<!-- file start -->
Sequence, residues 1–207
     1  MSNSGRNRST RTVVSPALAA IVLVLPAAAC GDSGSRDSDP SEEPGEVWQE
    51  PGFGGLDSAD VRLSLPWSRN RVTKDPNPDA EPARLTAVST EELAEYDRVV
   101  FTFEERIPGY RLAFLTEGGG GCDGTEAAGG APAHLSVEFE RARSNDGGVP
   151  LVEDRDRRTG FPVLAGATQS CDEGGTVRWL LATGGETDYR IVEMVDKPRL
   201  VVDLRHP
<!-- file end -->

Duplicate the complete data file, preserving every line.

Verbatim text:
Sequence, residues 1–207
     1  MSNSGRNRST RTVVSPALAA IVLVLPAAAC GDSGSRDSDP SEEPGEVWQE
    51  PGFGGLDSAD VRLSLPWSRN RVTKDPNPDA EPARLTAVST EELAEYDRVV
   101  FTFEERIPGY RLAFLTEGGG GCDGTEAAGG APAHLSVEFE RARSNDGGVP
   151  LVEDRDRRTG FPVLAGATQS CDEGGTVRWL LATGGETDYR IVEMVDKPRL
   201  VVDLRHP